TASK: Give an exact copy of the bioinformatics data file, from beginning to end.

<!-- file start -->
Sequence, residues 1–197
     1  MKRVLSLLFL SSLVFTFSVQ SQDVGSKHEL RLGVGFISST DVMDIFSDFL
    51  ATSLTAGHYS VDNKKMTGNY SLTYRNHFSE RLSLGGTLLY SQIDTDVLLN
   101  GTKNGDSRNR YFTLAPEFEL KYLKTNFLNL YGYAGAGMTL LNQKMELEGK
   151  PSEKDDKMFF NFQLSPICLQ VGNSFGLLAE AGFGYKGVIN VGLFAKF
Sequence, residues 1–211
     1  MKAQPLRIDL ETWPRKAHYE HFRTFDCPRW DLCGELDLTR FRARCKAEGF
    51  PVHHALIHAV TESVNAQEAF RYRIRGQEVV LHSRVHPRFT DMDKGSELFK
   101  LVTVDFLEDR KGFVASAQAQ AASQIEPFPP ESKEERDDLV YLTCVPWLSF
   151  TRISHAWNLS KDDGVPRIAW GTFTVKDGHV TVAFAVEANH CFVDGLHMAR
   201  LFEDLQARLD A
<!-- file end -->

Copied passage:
Sequence, residues 1–197
     1  MKRVLSLLFL SSLVFTFSVQ SQDVGSKHEL RLGVGFISST DVMDIFSDFL
    51  ATSLTAGHYS VDNKKMTGNY SLTYRNHFSE RLSLGGTLLY SQIDTDVLLN
   101  GTKNGDSRNR YFTLAPEFEL KYLKTNFLNL YGYAGAGMTL LNQKMELEGK
   151  PSEKDDKMFF NFQLSPICLQ VGNSFGLLAE AGFGYKGVIN VGLFAKF
Sequence, residues 1–211
     1  MKAQPLRIDL ETWPRKAHYE HFRTFDCPRW DLCGELDLTR FRARCKAEGF
    51  PVHHALIHAV TESVNAQEAF RYRIRGQEVV LHSRVHPRFT DMDKGSELFK
   101  LVTVDFLEDR KGFVASAQAQ AASQIEPFPP ESKEERDDLV YLTCVPWLSF
   151  TRISHAWNLS KDDGVPRIAW GTFTVKDGHV TVAFAVEANH CFVDGLHMAR
   201  LFEDLQARLD A